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Uni Select Inc.: What Goes up Must Come Down?

Uni Select Inc. (TSX:UNS) shares declined over 10% yesterday after the company released first-quarter results that were below expectations. Total sales increased 12.6% to $297.2 million, driven by acquisitions. Organic growth was disappointing, however, with an almost 5% decline.

So, the stock was down today on much higher than normal volume, as investors reacted to this report, digesting what this means and if it changes the investment thesis on the company. This follows a period when the stock soared to 52-week highs.

Here are the key points related to the quarter that serve to keep it in perspective.

Underlying organic growth

The reason that the Canadian Automotive Group, which accounts for 33% of sales, reported a decline in organic sales was due to the loss of one independent member in the quarter. Without this loss, the group actually experienced underlying organic growth to the tune of 3.4%. This is quite healthy and follows fourth-quarter 2016 organic sales growth of 1%. And while this loss will affect results for the rest of the year, it does not appear to be indicative of a bigger problem, so there is no reason to believe that more members will leave the network.

Overall organic growth would have been positive excluding this one-time occurrence as well as the product changeover that is taking place at FinishMaster U.S.

Dividend was increased

The quarterly dividend was increased 8.8% to $0.0925, and the dividend yield now stands at 1.15%.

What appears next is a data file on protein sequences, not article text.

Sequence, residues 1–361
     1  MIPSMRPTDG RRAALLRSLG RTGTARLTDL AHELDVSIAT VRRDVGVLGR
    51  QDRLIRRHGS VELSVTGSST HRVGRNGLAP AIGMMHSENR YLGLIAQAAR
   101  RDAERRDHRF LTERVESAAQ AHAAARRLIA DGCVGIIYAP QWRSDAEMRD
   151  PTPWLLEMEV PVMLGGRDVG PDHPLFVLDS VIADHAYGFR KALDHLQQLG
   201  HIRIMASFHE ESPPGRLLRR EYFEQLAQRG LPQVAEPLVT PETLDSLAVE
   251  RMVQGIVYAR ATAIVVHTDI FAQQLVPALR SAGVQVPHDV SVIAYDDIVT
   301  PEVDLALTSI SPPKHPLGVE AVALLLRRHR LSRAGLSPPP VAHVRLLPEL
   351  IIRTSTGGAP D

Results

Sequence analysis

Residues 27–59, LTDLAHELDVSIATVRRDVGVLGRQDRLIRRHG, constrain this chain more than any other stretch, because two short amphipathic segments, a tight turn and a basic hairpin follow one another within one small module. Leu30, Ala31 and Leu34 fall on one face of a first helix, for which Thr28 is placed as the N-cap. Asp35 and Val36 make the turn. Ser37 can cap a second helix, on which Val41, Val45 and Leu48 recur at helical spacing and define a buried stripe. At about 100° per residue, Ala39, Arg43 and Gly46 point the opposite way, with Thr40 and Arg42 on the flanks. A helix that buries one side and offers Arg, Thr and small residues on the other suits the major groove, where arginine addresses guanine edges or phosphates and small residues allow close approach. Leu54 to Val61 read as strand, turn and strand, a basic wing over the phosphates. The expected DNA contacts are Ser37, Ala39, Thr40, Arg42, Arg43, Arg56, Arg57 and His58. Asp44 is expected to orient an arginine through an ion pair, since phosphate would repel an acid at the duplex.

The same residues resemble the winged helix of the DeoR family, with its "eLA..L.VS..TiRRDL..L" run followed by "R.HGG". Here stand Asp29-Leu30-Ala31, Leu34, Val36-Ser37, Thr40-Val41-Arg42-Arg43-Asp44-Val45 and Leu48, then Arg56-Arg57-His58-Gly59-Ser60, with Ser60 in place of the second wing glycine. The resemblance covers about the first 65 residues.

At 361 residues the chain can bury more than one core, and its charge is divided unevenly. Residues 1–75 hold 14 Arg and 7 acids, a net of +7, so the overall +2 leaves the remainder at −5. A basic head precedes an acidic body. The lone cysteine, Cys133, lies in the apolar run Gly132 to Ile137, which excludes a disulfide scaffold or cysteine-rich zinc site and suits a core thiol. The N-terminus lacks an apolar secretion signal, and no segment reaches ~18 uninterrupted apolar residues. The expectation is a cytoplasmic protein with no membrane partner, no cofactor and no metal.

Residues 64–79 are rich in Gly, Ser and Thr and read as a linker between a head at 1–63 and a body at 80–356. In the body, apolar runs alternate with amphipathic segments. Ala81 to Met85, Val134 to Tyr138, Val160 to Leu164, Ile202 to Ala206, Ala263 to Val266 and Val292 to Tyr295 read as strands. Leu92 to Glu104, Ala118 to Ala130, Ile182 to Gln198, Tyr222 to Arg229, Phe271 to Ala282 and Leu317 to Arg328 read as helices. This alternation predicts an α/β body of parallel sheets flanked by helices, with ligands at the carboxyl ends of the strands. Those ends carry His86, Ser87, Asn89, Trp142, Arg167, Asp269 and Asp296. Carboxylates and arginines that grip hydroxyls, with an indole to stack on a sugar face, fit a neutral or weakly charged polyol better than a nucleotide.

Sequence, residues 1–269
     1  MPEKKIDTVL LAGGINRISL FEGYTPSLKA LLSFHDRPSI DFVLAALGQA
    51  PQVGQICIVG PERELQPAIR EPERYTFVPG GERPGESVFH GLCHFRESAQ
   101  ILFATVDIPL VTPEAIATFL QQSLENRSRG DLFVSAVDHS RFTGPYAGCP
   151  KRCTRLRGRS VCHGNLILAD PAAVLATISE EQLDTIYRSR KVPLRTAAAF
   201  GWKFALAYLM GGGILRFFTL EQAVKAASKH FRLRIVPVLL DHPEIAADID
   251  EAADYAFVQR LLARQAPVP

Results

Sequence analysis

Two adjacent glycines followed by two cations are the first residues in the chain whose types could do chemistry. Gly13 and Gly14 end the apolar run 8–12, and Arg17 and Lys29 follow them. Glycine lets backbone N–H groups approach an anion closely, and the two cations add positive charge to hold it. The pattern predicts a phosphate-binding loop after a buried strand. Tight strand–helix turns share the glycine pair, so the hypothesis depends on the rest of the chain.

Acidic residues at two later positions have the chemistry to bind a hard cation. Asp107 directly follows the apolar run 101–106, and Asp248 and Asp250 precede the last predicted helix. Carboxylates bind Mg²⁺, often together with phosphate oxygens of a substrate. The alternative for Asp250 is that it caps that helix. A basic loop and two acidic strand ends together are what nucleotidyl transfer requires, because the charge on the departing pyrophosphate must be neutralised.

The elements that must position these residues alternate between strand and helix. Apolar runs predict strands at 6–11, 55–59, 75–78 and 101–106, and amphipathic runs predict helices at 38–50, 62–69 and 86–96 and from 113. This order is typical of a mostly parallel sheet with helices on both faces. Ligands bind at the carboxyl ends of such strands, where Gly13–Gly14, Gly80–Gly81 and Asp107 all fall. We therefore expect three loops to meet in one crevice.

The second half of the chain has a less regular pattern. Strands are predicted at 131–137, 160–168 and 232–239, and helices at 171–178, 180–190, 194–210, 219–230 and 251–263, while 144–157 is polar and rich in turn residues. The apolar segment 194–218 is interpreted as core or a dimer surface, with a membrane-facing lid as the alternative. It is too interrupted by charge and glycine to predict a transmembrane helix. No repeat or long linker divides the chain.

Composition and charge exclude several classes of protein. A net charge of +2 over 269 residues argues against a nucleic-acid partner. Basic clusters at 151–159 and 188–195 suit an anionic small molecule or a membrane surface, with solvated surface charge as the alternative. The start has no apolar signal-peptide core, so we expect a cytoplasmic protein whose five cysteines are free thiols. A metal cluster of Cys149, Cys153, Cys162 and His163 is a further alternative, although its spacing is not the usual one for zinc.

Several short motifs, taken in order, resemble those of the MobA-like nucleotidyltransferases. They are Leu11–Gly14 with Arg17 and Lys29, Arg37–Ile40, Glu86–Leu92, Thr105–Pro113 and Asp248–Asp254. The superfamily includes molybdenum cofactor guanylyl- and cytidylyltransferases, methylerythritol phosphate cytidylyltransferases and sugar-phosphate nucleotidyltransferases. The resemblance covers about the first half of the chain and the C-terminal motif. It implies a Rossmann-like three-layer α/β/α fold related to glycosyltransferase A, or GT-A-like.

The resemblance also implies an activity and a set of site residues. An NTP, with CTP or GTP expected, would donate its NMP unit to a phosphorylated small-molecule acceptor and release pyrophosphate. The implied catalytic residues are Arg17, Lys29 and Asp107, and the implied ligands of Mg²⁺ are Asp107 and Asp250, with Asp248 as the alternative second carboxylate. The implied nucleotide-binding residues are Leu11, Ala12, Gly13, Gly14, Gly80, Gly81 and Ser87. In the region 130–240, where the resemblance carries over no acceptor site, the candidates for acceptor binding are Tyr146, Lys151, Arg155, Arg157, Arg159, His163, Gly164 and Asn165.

Strong cash flow generation

In the quarter, the company reported $22.2 million in free cash flow, an increase of 14% versus the same period last year. Free cash flow as a percentage of revenue was 7.5%, signifying the company’s strong ability to convert sales into cash flow.

Balance sheet strength

The company’s balance sheet remains strong, although debt was increased this quarter. The debt-to-capitalization ratio now stands at 30% versus 22% last year, as the company took on additional debt primarily to fund acquisitions. The total-debt-to-EBITDA ratio is a comfortable 1.82 times, and the company has $208 million of unused credit facilities to fund future growth.

In summary, despite the slowdown in organic growth this quarter, the company has grown by continuing to be a consolidator in the auto parts aftermarket as well as the automotive paint market. And the company generated strong cash flows, which is the cornerstone of a business. In my view, it looks like this sell-off is overdone, and investors should keep their eyes on long-term fundamentals, which look good for the company.

Going forward, organic growth looks to be recovering in the Canadian automotive aftermarket and in the U.S., the company sees opportunity in the very fragmented industrial coatings market, where the company currently has $70 million in sales, and the market is over $4 billion in sales.

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Fool contributor Karen Thomas has no position in any stocks mentioned.

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